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Are You Running Your Contact Center on Fake News?

Think alternative truths don't affect you?  If you're like many contact centers, you may be operating your centers on misleading metrics.

Contact Center Metrics

A recent insurance client of mine was confounded with overly negative morale that manifested in a high attrition rate.  The resulting lack of agent expertise was hurting customer satisfaction as customer satisfaction is consistently affected by the tenure of the agent.  The turnover was also costing them a lot of money to replace the staff.  I've seen this elsewhere, so I analyzed how they measure and optimize C/Sat. Their process was to survey customers quarterly and respond to any negative comments or Emails with an all-hands on deck approach, immediately bringing each issue to the team's attention to remedy the tactical issue and to prevent reoccurrence.  It was a great idea to repair occasional problems, but a consistent barrage of bad news was taking a toll.  Too many of their talented agents had enough and left.

I performed statistical sentiment analysis on all the survey responses.  In the over 10,000 replies analyzed, their customer sentiment was distinctly appreciative and positive for their customer contact services, but since the communications were based the misleading sample from a small subset of urgencies, the contact center staff felt like failures and were highly demotivated.  After sharing my analysis results, the leadership developed a more balanced communication procedure, had a floor to ceiling mural painted of a word cloud I developed of the survey results, and attrition reduced by 60% in the next year.

Success for your call center relies on effective operational analysis, but most centers can likely get feeds from 10+ data sources.  Since those sources often calculate similar metrics very differently, the output can be very misleading and confusing.

How can you tell fact from fiction?  Here are some examples where misleading statistics were misguiding operational decisions:

  • Metrics not reflective of your core mission - most competitive companies list providing excellent customer service as a primary contact goal, but a majority operate by closely monitoring productivity-based metrics. It's helpful to your bottom line to watch the average talk time, but you need to use CSAT and FCR as your barometers for success.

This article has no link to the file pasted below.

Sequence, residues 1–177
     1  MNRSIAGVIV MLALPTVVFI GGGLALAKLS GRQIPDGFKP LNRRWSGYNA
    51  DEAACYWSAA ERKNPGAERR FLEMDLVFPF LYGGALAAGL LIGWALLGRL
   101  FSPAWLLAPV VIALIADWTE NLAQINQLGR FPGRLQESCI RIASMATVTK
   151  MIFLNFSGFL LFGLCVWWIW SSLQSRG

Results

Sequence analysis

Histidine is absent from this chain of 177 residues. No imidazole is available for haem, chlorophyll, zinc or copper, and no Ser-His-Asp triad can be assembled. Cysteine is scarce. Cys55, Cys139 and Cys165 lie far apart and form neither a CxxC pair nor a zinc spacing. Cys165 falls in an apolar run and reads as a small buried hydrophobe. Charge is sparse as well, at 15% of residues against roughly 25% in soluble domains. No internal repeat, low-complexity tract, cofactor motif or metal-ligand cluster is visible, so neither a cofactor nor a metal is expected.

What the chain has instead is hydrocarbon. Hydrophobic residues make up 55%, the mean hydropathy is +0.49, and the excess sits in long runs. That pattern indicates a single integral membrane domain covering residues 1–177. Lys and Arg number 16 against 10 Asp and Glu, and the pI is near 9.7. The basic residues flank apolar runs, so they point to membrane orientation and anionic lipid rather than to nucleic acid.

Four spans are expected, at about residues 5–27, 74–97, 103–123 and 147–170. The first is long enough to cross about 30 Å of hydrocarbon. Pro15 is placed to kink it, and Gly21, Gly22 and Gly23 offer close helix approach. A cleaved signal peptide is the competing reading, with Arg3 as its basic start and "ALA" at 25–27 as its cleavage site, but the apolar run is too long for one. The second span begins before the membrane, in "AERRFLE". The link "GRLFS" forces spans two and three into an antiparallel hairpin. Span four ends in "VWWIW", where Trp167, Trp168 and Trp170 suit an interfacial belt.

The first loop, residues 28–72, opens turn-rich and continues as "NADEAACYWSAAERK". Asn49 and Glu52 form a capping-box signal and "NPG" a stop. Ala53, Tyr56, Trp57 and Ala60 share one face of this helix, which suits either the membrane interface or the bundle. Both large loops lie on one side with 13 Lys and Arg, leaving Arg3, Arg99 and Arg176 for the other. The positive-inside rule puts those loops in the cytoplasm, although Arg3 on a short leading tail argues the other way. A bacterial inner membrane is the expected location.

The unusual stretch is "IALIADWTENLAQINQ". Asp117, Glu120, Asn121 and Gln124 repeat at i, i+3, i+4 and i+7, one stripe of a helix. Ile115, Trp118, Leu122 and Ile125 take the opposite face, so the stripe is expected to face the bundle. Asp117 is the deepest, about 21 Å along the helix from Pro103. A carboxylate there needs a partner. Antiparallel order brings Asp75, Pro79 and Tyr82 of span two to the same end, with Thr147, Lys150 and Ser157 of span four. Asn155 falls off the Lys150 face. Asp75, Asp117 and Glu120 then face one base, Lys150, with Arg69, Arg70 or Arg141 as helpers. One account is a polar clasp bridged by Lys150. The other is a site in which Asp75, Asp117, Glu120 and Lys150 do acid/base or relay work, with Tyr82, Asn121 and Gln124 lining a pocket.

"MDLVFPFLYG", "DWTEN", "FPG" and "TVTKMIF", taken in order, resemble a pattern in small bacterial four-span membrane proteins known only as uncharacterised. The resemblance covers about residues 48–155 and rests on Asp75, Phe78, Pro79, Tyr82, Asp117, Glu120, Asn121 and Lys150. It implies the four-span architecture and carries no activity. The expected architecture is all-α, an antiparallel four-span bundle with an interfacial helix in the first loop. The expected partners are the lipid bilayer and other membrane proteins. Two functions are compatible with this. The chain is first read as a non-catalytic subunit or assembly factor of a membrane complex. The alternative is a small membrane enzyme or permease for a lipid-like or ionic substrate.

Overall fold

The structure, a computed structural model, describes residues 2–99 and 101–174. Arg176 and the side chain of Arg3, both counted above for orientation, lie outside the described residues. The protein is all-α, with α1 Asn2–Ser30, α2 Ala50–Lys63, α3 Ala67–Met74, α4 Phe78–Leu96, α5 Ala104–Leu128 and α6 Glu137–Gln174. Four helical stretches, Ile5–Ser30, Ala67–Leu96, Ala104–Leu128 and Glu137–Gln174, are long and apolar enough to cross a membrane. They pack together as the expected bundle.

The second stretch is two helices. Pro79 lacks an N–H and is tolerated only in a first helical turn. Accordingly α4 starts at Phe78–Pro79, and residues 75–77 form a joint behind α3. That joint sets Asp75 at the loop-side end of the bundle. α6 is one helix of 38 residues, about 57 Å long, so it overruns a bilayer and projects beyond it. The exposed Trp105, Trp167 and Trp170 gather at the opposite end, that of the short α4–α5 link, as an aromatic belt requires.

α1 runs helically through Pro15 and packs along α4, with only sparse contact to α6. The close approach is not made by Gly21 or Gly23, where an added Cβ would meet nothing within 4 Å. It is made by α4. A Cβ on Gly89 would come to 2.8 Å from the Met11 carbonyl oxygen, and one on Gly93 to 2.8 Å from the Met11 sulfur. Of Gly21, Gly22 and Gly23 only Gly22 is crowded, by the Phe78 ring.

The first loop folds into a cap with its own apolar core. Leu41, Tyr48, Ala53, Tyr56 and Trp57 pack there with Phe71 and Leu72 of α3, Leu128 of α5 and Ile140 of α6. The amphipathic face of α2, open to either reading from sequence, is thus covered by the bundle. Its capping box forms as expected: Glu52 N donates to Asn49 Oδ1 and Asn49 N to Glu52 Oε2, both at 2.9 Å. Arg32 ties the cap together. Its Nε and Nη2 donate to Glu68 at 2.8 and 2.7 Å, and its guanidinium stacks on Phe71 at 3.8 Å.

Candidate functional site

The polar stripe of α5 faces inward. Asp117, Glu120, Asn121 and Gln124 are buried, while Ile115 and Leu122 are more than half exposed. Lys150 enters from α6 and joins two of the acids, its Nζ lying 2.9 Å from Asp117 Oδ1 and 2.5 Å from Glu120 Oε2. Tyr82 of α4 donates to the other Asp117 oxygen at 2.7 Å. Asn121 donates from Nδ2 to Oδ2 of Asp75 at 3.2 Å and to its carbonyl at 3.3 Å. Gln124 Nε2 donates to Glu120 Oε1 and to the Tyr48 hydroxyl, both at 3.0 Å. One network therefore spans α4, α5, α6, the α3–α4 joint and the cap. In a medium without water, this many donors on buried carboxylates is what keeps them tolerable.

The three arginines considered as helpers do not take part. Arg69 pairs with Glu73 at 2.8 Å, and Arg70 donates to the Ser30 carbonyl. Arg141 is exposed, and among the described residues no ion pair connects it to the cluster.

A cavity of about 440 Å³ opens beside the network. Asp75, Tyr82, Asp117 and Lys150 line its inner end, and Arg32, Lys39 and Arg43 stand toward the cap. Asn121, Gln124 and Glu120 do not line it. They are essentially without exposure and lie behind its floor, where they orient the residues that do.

• Insufficient data - Many companies use survey responses as a basis for changing their service level targets.  As most get 3-6% response rates and typically from customers who really love you, or really don't, the sample size basing the analysis is not reflective of the typical customer sentiment.  You'll change important elements of your operation to please the extreme few, and not the majority of your customers.
  • Incomplete data - Text analytics analysis is often based on CRM entries, but typically over 50% of entries are truncated, use inconsistent abbreviations or conventions, or are merely missed details in transcription.  That results in a lot of effort to normalize the inputs or lost data to define the frequency of trends.

What news do you need to hear to keep your customers happy and customer interactions successful?  I suggest you can get that from applying these five best practices -

1.    Define KPIs matched to desired outcomes. If your business is positioning itself in the market as a low-cost operator, use performance-based metrics as your Key Performance Indicators.  And keep your KPI as key.  Other metrics may be valuable but limit your KPI to a maximum of 5.  This keeps the operational focus on those metrics that matter to success in your business.

2.    Share good news and bad news.  See the above cautionary story.

3.    Looking at a single data source has most analysts missing the real headline of Customer Experience insights.  A customer journey, even if in a single channel, is a combination of several events, from caller inter determination to queueing, to resolution, and finally after-action perception.  Looking at any of these events myopically limits the scope and thereby the value of any insights. This increases as more channels are adopted.  The idea is to merge several data sources and visualize normalized data.

4.    Invest specifically with a thorough, conservative business case.  Define the desired outcomes in detail and keep the expectations tempered.  As an example - don't think that investing in Artificial Intelligence (AI) will solve all your text analytics needs.  AI needs considerable time to become fruitful.

5.    Analyze with purpose.  Don't wait for insights to jump out to you.  Define an area of focus that will move your analysis from data-driven to insights-driven.  This will provide affirmation if positive trends are found.

How many of these suggestions are you using?  What have your results been?  Please share your comments below to help us all learn.  Be sure to join me for my presentation at ICMI Contact Center Demo in Las Vegas, where I'll unpack these concepts and best practices in greater detail. And be sure to follow me on Twitter as I'll be live Tweeting the event at @RobertLambcxpro.